Now that it has been over a week since the government shutdown, the public is starting to realize just how prominent a role our nation’s leaders play. Not only has the shutdown affected local tourist attractions, university research and the Panda Cam at the National Zoo, it has also delayed the funding for startup companies that receive financial assistance from universities.
Richard Ranky, founder and CEO of 3-Spark, has experienced the effects of the government shutdown directly. His company, which makes 3D printing more accessiblethrough circuit boards and sensors, receives funding from Ranky’s alma mater, Northeastern University.
“They play a large role and we would not have gotten this far without them,” Ranky told BostInno, referencing Northeastern. 3-Spark, which officially formed in September 2012, initially received $100,000 from Northeastern. Since then, the company has continued to look for funding through government grants, private investors, accelerators and “anywhere we can find funding” Ranky said.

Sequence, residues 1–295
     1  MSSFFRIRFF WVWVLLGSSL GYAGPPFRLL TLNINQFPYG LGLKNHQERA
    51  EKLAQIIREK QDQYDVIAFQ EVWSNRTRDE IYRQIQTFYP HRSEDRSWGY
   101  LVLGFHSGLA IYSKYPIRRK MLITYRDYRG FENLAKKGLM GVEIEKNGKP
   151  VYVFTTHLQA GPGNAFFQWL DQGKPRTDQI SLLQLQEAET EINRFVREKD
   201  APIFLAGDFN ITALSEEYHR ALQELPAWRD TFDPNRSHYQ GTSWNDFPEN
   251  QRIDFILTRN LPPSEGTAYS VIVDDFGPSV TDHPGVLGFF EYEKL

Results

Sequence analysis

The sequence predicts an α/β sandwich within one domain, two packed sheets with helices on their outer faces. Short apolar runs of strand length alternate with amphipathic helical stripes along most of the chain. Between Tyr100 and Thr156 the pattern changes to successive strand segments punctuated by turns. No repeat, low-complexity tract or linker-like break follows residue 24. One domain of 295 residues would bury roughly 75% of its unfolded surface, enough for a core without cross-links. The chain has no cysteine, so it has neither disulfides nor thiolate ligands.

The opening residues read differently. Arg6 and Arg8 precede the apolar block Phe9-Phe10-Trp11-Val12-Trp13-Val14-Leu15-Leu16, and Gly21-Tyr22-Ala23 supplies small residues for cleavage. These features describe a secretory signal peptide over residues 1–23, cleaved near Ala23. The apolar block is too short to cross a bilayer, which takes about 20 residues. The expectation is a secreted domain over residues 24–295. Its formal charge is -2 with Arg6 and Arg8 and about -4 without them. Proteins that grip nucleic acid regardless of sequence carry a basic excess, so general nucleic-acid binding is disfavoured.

3-Spark applied for a National Science Foundation (NSF) Small Business Innovation Research grant in June and official review started September 10. SBIR grants are one of multiple classes of grants that are available through the NSF. According to the SBIR website, these grants do not require, but do encourage, partnership with a research institution. 3-Spark has chosen to subcontract to Northeastern. Unfortunately, the review has slammed to a halt thanks to the government shutdown.